Two-day seminar at Wecht Institute to tackle football brain injuries
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A hot-button issue will be tackled at today's edition of Forensic Fridays at the Cyril H. Wecht Institute of Forensic Science and Law at Duquesne University -- a National Football League issue, to be precise. The institute's title for this two-day seminar: "Is Football Bad for the Brain?"
"It's a very hot topic," said Ben Wecht, the institute's program administrator who, for the past six months, helped to coordinate the meeting of medical, scientific, sports and legal authorities. "This is the time to take it on. And, hopefully, the people that we'll be hearing from will make it even hotter."
Late last NFL season, commissioner Roger Goodell -- prompted by Congressional hearings, another spate of star-player concussions and a league-commissioned study finding that former players later suffered memory-related diseases at an incidence 19 times higher than their normal age group -- altered league policy and concussion leadership. The co-chairmen of the league's concussion committee resigned under pressure. The new spokesman is Steelers neurosurgeon Dr. Joseph Maroon.
"And that's really one of the reasons we decided we had to do it," Ben Wecht, son of the institute's namesake, said. "So many of these experts are either here in Pittsburgh or very close to Pittsburgh."
Among the scheduled speakers:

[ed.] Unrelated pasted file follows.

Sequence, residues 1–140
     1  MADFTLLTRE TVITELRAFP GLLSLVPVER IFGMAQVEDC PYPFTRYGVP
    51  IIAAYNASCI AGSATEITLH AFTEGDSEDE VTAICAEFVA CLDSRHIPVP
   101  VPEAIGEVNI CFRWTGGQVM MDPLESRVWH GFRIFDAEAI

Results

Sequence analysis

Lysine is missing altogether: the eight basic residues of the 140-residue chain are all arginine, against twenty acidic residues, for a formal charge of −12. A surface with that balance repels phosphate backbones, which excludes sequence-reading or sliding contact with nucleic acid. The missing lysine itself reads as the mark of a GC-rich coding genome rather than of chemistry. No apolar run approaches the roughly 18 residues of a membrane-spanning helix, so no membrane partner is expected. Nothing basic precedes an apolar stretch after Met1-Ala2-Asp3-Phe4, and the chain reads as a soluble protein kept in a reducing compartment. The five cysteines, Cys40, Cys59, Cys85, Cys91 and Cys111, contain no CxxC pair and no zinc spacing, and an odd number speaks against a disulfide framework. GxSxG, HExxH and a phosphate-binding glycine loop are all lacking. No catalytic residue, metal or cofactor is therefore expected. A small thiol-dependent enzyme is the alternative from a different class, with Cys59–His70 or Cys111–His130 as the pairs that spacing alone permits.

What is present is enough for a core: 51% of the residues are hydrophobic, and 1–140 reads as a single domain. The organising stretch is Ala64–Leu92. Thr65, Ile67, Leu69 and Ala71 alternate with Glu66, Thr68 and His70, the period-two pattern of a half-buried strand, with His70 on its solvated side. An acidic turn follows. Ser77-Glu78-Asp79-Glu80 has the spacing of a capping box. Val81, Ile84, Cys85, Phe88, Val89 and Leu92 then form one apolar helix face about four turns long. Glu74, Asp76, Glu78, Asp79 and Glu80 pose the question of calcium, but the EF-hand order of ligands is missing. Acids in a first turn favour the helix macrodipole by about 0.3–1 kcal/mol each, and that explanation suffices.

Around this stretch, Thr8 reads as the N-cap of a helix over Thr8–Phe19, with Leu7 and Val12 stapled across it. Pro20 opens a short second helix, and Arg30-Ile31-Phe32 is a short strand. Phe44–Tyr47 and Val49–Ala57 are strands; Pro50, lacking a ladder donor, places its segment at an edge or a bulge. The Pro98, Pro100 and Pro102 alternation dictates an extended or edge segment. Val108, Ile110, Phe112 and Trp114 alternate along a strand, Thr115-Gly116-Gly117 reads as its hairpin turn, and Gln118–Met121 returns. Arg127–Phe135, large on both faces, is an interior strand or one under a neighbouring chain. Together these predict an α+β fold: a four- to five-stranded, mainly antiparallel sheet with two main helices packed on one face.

• Maroon and Dr. Mark Lovell, also of UPMC, who devised the ImPACT study used nationally and in the NFL to monitor athletes -- from youth to pros -- before, during and after concussions.
• Kevin Guskiewicz, a Latrobe native and one-time graduate assistant trainer with the Steelers who heads the University's of North Carolina Injury Prevention Research Center, where studies dating to 2003 found former NFL players complaining of dementia and the like later in life at a higher rate than the normal population.
• Dr. Julian Bailes, chairman of the Department of Neurosurgery at West Virginia University and the founder, with former Cyril Wecht co-worker Dr. Bennet Omalu, of the Brain Injury Research Institute.
• Dr. Robert Cantu and Dr. Ann McKee, Boston-based professors and hospital directors who helped to found the Center for the Study of Traumatic Encephalopathy -- a progressive, degenerative brain disease found in people with histories of repetitive concussions. Omalu is credited with first detecting Chronic Traumatic Encephalopathy in 2002 after examining the brain of the late Mike Webster.
• Garrett Webster, son of Mike Webster and the Player Liaison Administrator with WVU's Brain Injury Research Institute.
• Steelers trainer John Norwig.
Tickets to the seminar, today through midday Saturday at the Power Center Ballroom at Duquesne, cost from $30 to $90 for the public as well as athletic trainers and from $75 and $225 for educators and medical professionals. Discounts are available for Duquesne alumni, government employees and groups of more than five. For information go to email@example.com.
First Published March 12, 2010 12:08 am